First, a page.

November 26, 2022

Circumcision? How about banning ear piercing?

A petition to ban circumcision will appear on San Francisco’s November election ballot.
A
petition to ban circumcision
will appear on San Francisco’s November election ballot. A proposed bill will
make circumcision a misdemeanour if performed on boys aged under 18 years,
punishable by a US$1,000 fine and up to one year in prison. Santa Monica could
follow suit, with the support of San Diego-based MGM, a group which has drafted
anti-circumcision laws in 46 states.

However,
the proposal is highly controversial. In a CNN column, famed sociologist Amitai
Etzioni recently compared circumcision to ear piercing, arguing that this “very
common and usually harmless procedure” results in higher rates of complications
than circumcision.

“About
20% of baby girls suffer minor complications from ear piercing; about 3% suffer
major ones. Complications include swelling, drainage, infection, bleeding, cyst
formation, large scars and trauma. Surely such piercing should be banned before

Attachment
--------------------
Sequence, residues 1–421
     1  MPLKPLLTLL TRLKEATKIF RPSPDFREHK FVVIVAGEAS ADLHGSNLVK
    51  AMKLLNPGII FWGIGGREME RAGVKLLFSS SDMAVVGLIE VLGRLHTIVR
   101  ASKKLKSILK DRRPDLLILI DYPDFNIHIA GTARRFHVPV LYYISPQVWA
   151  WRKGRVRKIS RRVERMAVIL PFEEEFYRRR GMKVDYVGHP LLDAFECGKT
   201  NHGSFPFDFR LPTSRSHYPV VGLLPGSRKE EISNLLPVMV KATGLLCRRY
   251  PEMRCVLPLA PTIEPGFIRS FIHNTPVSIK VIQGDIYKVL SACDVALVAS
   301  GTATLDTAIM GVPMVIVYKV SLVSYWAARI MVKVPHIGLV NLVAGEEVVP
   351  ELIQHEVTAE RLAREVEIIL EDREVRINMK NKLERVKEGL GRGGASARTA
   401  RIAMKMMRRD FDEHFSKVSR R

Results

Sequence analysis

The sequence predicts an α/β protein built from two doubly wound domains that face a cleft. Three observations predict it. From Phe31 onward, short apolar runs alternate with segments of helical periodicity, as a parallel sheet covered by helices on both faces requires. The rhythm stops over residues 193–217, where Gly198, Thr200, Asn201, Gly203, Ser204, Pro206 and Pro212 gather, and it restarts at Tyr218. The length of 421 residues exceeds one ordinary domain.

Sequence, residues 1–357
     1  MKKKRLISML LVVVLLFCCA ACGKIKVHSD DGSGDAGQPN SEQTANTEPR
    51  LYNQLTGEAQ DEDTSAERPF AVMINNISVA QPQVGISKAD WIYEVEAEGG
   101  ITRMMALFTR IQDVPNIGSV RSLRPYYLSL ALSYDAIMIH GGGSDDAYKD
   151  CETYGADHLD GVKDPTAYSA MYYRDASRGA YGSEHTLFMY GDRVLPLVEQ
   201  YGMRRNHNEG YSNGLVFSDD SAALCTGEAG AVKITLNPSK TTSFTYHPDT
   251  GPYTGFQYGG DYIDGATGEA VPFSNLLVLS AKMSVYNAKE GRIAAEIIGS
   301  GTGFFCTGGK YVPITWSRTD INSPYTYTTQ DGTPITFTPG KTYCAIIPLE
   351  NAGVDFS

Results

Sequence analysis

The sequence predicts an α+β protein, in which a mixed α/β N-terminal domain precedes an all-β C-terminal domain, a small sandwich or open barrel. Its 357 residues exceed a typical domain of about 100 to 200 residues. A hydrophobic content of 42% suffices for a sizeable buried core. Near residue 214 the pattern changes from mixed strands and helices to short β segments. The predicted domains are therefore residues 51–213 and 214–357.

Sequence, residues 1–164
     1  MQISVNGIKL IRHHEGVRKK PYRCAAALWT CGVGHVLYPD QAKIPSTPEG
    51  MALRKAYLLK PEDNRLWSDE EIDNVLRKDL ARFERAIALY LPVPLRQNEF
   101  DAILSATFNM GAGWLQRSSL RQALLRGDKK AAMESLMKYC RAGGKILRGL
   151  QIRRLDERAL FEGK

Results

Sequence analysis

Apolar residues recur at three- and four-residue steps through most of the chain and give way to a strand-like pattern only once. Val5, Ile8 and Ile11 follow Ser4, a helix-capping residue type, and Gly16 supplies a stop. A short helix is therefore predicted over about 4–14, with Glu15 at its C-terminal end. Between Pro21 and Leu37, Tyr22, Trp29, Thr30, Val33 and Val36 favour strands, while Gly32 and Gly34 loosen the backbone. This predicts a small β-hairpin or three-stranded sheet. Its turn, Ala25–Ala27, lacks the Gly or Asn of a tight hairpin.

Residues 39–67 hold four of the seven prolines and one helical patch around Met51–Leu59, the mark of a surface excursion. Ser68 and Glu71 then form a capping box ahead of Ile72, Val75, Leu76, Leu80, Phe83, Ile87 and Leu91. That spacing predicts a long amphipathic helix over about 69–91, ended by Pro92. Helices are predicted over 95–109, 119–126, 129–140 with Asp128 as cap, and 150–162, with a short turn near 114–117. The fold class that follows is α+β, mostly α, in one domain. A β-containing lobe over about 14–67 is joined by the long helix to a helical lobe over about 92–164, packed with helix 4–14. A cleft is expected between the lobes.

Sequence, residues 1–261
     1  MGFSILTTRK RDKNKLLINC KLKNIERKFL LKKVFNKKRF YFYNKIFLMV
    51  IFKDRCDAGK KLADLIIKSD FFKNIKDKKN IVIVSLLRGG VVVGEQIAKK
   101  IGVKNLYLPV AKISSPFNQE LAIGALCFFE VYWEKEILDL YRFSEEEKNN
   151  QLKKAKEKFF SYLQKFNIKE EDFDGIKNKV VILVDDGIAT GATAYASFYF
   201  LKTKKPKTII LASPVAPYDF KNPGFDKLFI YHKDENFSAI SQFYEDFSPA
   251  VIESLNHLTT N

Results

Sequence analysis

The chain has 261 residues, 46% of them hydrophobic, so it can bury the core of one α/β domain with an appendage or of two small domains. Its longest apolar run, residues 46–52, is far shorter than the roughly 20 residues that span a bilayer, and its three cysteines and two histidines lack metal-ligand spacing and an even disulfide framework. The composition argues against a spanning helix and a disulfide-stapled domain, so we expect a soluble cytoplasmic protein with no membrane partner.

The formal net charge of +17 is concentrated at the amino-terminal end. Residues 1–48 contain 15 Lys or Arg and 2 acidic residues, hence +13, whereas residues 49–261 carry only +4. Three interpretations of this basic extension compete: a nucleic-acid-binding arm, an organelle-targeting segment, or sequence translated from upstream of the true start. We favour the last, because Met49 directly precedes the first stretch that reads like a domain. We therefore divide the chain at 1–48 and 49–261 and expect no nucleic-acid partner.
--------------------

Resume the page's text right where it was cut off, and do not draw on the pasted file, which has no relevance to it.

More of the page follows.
anyone bans circumcision.”

While
opponents of circumcision contend that circumcision causes severe pain, nerve
destruction, infection, disfigurement and loss of functional tissue, Etzioni
argues:

“But
the rate of complications resulting from circumcision is lower than ear
piercing, between 0.2% and 0.6%, with some bleeding as the most frequent
complication. Studies, such as one at the University of Washington, have
indicated that circumcision might have health benefits. It helps prevent HIV
infection somewhat in heterosexual intercourse (although using condoms results
in similar gains).”

Further:

“Claims
about psychological harm caused by neonatal circumcision are based mainly on anecdotes
and Freudian psychoanalysis. If circumcision had the traumatic effects some
opponents maintain it has, roughly two out of every three American males would
be in trouble.”

Etzioni
argues that proponents of circumcision bans challenge the relationship between
parents and children. He argues that parents make decisions on behalf of their
children every day, seeking what they consider best for them – and that for
many parents, circumcision and ear piercing fall into that category.

“A
very poorly supported claim that circumcision is harmful, in the face of
evidence that it might be of some benefit, is not enough to prevent parents
from making decisions for their children on circumcision, ear piercing and much
else.” ~ CNN, Jun 15

Circumcision? How about banning ear piercing?
Jared Yee
circumcision